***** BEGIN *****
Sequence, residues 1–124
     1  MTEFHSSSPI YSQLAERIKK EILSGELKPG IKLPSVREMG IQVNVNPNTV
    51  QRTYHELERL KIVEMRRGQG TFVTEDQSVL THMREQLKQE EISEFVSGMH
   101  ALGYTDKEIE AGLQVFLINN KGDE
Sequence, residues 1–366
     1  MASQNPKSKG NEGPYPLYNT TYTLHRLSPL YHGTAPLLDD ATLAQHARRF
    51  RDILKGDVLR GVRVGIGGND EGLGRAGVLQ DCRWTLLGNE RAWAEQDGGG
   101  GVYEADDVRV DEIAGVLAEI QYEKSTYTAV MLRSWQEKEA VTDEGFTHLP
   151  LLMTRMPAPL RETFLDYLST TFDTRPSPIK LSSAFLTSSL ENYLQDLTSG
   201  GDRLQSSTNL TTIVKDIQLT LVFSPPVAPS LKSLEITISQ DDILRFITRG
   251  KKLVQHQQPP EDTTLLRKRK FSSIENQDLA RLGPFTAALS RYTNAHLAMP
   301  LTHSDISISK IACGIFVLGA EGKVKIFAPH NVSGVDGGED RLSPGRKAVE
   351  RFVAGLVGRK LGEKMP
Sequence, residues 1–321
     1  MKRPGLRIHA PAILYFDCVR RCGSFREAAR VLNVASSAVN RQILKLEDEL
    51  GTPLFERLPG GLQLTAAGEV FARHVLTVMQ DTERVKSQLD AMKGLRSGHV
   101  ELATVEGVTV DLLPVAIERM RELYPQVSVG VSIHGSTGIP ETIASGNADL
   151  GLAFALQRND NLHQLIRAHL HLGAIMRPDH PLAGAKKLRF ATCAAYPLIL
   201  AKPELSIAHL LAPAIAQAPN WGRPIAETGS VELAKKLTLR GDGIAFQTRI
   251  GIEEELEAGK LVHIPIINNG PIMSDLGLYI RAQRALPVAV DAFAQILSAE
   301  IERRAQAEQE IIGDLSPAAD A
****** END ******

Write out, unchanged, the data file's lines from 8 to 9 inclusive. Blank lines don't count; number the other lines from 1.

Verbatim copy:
   101  GVYEADDVRV DEIAGVLAEI QYEKSTYTAV MLRSWQEKEA VTDEGFTHLP
   151  LLMTRMPAPL RETFLDYLST TFDTRPSPIK LSSAFLTSSL ENYLQDLTSG